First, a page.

He said another school-funding ballot measure could appear in 2020. Whether it’s a local or state initiative remains to be seen.

Politics and Charity

Beutner is a product of public education. He attended Michigan public schools as a child, and his mom was a public school teacher.

He’s come a long way, and if his last 15 months have been challenging, then his past decade has been astounding.

Beutner arrived on the L.A. scene in 2010 as First Deputy Mayor under Antonio Villaraigosa, and the year he spent in the post was the smoothest of AnVil’s tenure (Beutner, who had a made a fortune in the New York financial services world, took a dollar a year for the gig). He left, briefly ran for mayor, dropped out and later chaired the 2020 Commission, a civic panel that authored a pair of hard-hitting reports with recommendations on how to make the city and government function better. Not surprisingly, elected officials buried the papers.

Myths, Math and Austin Beutner

Austin Beutner during his abridged run for mayor in 2012.

He served a year as publisher of the Los Angeles Times, and though locals praised his moves to boost quality, Beutner was fired after refusing to kowtow to the paper’s then-Chicago overlords. He also started a charity, Vision to Learn, that has provided free eyeglasses to more than 180,000 low-income children across the country.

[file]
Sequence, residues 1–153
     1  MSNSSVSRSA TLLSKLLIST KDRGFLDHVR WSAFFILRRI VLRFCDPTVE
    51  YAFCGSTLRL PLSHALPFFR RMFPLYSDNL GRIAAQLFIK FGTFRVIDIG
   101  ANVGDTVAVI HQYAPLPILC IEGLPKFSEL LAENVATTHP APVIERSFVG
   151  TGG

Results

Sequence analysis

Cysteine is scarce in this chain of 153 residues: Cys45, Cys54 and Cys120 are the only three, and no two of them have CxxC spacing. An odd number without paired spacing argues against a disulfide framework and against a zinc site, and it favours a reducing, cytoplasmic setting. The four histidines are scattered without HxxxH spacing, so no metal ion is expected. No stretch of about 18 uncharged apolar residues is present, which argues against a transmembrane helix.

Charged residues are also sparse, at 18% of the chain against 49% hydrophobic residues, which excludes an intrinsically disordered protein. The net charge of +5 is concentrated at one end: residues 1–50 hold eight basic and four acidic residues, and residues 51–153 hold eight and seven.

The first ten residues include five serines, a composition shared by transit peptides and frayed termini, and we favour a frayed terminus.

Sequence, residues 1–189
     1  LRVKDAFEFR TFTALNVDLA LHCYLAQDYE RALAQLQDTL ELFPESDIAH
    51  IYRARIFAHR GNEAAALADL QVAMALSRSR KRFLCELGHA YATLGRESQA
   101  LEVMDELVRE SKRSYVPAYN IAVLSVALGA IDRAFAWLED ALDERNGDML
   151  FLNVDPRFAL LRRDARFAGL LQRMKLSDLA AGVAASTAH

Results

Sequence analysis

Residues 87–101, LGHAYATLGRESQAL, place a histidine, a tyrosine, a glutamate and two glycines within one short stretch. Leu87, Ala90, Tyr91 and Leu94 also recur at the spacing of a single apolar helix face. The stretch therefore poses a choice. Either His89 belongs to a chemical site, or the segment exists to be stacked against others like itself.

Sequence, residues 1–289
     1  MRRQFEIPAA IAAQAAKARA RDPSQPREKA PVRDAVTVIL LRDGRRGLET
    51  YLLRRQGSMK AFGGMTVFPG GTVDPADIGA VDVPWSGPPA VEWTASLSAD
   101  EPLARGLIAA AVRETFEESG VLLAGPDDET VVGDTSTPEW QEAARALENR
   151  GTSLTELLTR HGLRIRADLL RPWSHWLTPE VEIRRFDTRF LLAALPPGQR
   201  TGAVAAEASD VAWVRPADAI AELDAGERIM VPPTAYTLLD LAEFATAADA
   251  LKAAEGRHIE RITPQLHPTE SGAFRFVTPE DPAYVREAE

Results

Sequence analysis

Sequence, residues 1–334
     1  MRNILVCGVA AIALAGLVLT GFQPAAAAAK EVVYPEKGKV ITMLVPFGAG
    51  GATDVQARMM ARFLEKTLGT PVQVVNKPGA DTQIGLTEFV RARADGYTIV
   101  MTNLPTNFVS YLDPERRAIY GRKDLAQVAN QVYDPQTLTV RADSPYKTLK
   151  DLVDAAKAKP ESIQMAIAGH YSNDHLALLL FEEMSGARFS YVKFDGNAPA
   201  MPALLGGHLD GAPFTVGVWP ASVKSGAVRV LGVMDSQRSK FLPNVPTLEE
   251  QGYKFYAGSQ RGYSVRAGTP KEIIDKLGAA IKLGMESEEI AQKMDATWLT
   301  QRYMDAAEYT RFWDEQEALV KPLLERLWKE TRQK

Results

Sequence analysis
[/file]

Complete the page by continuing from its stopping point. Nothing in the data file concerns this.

Welcome to Los Beutnerangeles

The charity is how he met Michelle King shortly after she was appointed LAUSD Superintendent in 2016. He became an advisor to her, part of a group offering suggestions on ways to improve the district.

It’s a path many have forgotten — when Beutner began working with King, people assumed she’d be there for years. Tragically, she became sick and left her post in September 2017. She died of cancer the following February.

“When she became ill I guess I knew enough to say maybe I can help,” Beutner recalled. “I didn’t set out on this path.”

The unlikely road to the superintendent’s office, combined with his private-sector past, had detractors charging that Beutner arrived with an agenda to cudgel traditional public schools and turn LAUSD institutions en masse into charter schools — that hasn’t happened. Other suspicions, including that he would undertake a massive reorganization of the district, have also not occurred.